Deffrential distribution of gonadotropin-releasing hormone- immunoreactive neurons in the stingray brain: Functional and evolutionary considerations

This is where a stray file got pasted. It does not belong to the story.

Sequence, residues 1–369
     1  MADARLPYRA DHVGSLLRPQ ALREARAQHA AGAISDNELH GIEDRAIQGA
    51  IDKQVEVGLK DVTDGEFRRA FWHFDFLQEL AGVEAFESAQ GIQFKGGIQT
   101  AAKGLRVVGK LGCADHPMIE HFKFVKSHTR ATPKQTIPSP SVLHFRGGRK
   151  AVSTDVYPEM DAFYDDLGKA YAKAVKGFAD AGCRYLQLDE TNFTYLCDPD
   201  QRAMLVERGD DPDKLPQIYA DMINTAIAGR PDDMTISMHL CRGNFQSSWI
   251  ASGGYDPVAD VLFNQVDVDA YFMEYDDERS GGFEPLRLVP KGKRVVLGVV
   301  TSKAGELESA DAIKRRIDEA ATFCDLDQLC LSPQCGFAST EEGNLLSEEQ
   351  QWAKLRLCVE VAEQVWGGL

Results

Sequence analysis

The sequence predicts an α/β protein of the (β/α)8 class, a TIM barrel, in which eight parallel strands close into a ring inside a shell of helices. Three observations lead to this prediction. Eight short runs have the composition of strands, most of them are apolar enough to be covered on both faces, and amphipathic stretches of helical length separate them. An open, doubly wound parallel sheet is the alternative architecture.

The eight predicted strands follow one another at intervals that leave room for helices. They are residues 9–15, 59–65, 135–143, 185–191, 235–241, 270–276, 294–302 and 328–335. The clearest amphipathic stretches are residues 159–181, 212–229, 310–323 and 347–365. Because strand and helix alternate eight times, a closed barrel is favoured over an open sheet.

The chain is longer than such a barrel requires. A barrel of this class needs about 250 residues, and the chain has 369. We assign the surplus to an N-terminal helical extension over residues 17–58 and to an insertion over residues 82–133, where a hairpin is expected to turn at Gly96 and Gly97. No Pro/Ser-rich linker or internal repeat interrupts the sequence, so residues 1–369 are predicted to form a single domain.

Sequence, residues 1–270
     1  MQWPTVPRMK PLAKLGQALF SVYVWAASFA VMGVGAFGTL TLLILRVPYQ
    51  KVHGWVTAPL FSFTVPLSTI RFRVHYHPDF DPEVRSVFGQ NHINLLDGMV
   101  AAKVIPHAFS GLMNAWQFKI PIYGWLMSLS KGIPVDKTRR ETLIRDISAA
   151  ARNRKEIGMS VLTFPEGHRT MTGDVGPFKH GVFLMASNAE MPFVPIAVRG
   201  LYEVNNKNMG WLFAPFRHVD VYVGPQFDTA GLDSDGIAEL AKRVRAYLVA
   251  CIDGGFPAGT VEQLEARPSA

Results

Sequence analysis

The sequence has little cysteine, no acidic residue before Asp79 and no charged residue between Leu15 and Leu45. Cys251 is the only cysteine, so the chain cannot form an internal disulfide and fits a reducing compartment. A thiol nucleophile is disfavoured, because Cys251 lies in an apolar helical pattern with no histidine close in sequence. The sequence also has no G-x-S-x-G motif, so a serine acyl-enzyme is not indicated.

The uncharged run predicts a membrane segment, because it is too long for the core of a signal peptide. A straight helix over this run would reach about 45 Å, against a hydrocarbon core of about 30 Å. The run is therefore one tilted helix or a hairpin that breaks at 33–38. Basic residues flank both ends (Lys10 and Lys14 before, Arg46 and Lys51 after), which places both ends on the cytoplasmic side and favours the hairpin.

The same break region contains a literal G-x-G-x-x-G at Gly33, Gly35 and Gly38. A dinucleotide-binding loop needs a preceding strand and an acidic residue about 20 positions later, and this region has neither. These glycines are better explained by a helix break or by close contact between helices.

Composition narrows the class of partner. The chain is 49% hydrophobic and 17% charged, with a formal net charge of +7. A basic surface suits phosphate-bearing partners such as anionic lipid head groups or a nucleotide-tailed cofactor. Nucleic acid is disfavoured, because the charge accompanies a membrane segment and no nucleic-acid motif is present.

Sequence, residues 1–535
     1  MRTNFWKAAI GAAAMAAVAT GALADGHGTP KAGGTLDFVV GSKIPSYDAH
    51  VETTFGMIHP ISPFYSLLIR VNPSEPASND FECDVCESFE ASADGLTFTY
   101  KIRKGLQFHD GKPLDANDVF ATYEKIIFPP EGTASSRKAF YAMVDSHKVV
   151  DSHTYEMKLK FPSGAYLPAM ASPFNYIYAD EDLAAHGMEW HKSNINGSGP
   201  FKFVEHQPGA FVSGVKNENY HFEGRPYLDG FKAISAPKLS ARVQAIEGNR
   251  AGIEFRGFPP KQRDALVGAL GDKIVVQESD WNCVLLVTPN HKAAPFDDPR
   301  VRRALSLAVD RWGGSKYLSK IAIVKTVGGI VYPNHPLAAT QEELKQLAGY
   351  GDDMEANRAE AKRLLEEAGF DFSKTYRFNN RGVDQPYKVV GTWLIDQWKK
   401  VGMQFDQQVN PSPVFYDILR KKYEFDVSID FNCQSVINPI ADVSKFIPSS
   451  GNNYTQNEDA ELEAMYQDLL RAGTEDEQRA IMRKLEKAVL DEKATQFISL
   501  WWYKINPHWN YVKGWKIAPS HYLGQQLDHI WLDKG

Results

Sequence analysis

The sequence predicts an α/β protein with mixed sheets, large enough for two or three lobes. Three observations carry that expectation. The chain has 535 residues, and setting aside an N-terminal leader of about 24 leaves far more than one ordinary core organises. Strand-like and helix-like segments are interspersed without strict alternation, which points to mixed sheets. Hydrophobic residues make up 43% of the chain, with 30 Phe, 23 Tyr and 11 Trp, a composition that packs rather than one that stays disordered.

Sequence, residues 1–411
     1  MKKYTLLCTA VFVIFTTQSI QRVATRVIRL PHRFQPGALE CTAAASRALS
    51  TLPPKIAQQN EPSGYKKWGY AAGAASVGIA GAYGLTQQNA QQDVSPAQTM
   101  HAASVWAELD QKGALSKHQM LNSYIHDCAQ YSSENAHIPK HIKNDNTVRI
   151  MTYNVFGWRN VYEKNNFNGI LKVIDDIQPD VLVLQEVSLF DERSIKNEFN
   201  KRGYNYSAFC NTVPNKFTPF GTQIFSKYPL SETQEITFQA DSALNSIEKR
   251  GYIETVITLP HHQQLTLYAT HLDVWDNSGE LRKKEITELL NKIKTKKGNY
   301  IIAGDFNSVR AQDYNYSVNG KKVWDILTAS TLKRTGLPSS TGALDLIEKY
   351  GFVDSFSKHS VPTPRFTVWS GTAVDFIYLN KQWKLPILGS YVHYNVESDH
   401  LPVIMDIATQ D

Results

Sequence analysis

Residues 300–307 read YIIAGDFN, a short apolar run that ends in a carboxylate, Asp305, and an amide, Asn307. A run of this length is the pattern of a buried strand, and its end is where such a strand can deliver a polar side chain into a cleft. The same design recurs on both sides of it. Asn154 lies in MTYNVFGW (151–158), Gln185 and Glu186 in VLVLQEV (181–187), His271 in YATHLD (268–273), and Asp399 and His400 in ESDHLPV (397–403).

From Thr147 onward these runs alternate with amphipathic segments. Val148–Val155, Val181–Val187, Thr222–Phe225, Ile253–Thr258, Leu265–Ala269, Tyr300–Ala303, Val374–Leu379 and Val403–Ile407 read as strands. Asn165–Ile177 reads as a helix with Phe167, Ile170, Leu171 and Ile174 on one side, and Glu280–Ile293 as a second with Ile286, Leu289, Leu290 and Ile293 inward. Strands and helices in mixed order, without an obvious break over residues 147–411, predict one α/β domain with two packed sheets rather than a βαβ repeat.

Gonadotropin-releasing hormone (GnRH) is a neuropeptide that occurs in multiple structural forms among vertebrate species. Bony fishes, amphibians, reptiles, birds, and mammals express different forms of GnRH in the forebrain and endocrine regions of the hypothalamus which regulate the release of reproductive gonadotropins from the pituitary. In contrast, previous studies on bony fishes and tetrapods have localized the chicken GnRH-II (cGnRH-II) nucleus in the midbrain tegmentum and, combined with cladistic analyses, indicate that cGnRH-II is the most conserved form throughout vertebrate evolution. However, in elasmobranch fishes, the neuroanatomical distribution of cGnRH-II and dogfish GnRH (dfGnRH) cells and their relative projections in the brain are unknown. We used high-performance liquid chromatography and radioimmunoassay to test for differential distributions of various GnRH forms in tissues from the terminal nerve (TN) ganglia, preoptic area, and midbrain of the Atlantic stingray, Dasyatis sabina. These experiments identified major peaks that coelute with cGnRH-II and dfGnRH, minor peaks that coelute with lamprey GnRH-III (1GnRH-III), and unknown forms. Immunocytochemistry experiments on brain sections show that dfGnRH-immunoreactive (-ir) cell bodies are localized in the TN ganglia, the caudal ventral telencephalon, and the preoptic area. Axons of these cells project to regions of the hypothalamus and pituitary, diencephalic centers of sensory and behavioral integration, and the midbrain. A large, discrete, bilateral column of cGnRH-II-ir neurons in the midbrain tegmentum has sparse axonal projections to the hypothalamus and regions of the pituitary but numerous projections to sensory processing centers in the midbrain and hindbrain. Immunocytochemical and chromatographic data are consistent with the presence of 1GnRH- III and other GnRH forms in the TN that differ from dfGnRH and cGnRH-II. This is the first study that shows differential distribution of cGnRH-II and dfGnRH in the elasmobranch brain and supports the hypothesis of divergent function of GnRH variants related to gonadotropin control and neuromodulation of sensory function. (C) 2000 Academic Press.